Family Caregivers are continually challenged to stay on their toes. No two days are alike, and every situation requires a dynamic process that can turn on a dime. When something unexpected happens, are you ready to spring into action? Let’s consider a few scenarios that could throw a wrench into your best-laid plans.
Your day begins with a sore throat, a cough, and a slight fever. Your child wakes up with a burning fever and a rash. Your car won’t start and needs to go to the shop. Your water heater springs a leak, and you need to stay at home and wait for the repair person. Your child is in an accident at school, and you need to get there immediately. If any of these situations arise, what will you do to keep those you care for safe and healthy?
Now let’s switch gears. Your mom’s dementia is getting worse, and yesterday she refused to get out of the car at the doctor’s office. Your dad can’t be at home alone because his balance is poor, but you need to take your mom to the doctor again today and are hoping for a better outcome. How do you balance taking care of both parents at the same time in different locations? Or what happens if one parent suddenly needs to go to the hospital and the other cannot remain at home alone because they might wander away?
These are just a few very real situations that play out every day for family caregivers all over the world. And, even worse, what worked yesterday may not work today or next week. It’s essential to keep track of what makes your plans crash and burn. It’s a rare person indeed whose life never falls apart because of illness, accidents, and domestic disasters. Just like having insurance, you need to build a savings account of resources to draw from when your original roadmap hits a sharp turn or dead-end.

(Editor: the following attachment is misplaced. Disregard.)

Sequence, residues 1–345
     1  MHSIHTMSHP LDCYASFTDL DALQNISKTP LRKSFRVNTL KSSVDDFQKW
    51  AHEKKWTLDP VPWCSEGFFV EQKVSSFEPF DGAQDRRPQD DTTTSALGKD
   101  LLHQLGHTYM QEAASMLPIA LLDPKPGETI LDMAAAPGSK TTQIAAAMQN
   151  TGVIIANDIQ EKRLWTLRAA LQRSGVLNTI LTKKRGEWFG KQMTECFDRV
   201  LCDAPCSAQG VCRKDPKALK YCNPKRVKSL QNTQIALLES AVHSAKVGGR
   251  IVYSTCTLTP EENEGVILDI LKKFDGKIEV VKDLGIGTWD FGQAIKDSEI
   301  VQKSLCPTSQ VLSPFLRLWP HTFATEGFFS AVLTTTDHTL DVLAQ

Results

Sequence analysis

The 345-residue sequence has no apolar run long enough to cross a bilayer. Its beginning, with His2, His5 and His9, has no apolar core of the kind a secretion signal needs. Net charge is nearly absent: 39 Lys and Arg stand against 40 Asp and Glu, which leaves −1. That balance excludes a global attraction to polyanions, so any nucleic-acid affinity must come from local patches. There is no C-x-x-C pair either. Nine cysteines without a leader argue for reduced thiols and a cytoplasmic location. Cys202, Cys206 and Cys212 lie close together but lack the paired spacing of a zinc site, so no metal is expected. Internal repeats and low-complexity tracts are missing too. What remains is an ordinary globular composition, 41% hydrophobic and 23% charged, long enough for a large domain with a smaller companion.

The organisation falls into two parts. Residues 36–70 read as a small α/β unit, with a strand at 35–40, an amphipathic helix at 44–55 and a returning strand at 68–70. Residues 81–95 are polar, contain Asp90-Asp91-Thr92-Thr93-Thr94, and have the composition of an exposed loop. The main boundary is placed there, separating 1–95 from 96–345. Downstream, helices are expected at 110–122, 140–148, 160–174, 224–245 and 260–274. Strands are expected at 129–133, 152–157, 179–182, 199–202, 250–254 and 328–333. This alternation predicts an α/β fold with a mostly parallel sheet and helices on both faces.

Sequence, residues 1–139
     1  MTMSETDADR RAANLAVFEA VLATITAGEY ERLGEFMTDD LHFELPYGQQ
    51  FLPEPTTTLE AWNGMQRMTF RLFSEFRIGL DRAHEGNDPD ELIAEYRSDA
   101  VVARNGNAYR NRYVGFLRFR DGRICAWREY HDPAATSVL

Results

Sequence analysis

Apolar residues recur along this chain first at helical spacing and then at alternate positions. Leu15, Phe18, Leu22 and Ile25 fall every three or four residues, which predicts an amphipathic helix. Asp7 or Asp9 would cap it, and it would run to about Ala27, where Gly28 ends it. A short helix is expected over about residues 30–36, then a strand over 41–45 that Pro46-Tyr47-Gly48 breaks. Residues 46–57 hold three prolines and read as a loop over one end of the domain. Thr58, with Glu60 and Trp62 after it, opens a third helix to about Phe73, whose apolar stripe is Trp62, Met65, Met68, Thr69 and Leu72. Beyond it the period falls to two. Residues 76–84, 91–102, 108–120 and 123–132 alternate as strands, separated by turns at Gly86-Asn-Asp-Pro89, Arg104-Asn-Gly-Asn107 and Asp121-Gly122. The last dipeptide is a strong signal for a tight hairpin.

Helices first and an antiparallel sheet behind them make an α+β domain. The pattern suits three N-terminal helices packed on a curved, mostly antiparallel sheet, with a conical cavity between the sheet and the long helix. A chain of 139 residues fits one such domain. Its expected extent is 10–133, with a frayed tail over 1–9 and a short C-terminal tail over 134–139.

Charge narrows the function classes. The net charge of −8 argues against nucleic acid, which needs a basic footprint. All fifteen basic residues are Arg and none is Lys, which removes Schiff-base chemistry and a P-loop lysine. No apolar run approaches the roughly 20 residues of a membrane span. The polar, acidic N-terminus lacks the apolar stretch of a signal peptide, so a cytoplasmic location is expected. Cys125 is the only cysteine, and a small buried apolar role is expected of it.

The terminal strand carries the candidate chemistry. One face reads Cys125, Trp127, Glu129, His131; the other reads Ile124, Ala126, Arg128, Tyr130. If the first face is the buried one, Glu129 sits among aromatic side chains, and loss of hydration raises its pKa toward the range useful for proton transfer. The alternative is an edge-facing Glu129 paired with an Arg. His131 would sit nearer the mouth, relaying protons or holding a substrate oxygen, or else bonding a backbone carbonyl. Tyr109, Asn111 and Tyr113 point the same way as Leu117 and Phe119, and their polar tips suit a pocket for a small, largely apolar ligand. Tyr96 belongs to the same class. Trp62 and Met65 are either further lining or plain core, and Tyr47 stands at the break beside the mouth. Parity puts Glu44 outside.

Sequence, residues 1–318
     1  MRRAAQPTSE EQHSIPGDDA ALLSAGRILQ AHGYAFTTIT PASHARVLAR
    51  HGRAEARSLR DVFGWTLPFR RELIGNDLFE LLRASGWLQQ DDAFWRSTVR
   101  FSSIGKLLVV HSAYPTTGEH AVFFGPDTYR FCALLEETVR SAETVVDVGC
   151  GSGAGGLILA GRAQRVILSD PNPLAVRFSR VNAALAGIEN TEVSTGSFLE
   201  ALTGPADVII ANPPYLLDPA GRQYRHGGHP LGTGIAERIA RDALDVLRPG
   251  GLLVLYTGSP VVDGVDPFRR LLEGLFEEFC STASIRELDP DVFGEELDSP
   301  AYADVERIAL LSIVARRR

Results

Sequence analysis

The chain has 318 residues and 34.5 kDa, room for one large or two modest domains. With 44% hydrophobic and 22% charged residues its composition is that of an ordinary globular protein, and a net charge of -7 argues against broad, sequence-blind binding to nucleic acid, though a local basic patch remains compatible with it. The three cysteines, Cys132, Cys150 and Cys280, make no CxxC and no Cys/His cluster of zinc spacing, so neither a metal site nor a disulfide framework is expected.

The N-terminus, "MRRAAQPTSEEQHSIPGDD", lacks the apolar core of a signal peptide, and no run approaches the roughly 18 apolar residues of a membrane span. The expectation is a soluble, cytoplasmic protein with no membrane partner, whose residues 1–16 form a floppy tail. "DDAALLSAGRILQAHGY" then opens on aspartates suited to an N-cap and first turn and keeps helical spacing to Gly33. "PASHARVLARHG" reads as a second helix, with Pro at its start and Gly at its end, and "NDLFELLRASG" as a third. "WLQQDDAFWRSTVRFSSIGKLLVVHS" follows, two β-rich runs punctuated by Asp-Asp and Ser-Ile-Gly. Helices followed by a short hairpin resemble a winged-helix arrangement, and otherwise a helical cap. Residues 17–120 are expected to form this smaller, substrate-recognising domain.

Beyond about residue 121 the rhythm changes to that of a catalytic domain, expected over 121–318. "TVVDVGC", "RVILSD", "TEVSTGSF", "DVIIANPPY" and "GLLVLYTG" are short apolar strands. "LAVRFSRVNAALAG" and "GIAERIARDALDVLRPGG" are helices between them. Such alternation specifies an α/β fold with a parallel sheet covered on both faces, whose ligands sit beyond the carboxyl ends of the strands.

The first thing you should do here is to think about when your plans have been unavoidably rerouted. I’m not talking about the time you forgot it was “Bring your Parent to School Day” until the morning your child asks why you are still in sweats when you need to be at school in 15 minutes. (Although a proven resource pool would be useful here, too!) I’m talking about how to look back and recognize where your plans may need retooling. Start a journal going forward to track what throws things off. After a few months, you’ve got a great way to look back and evaluate how well things worked. Then you could ask other family members or friends to help you be objective and brainstorm ideas with about how to have strategies to meet these occasions before they arise. If nothing else, this oversight by others might just open their eyes to how much you have on you, and someone might step up and ask about helping out either regularly or on occasion. They might also know someone or an agency that could pitch in on short notice to fill the gap and keep things balanced.
Your back-up plans, when designed well, can successfully overcome those life obstacles that previously would put you in a tailspin!
Betsy and I hope you’ll join us this week here at Heart of the Caregiver and share your heart about managing the day-to-day crises that challenge your caregiving plans.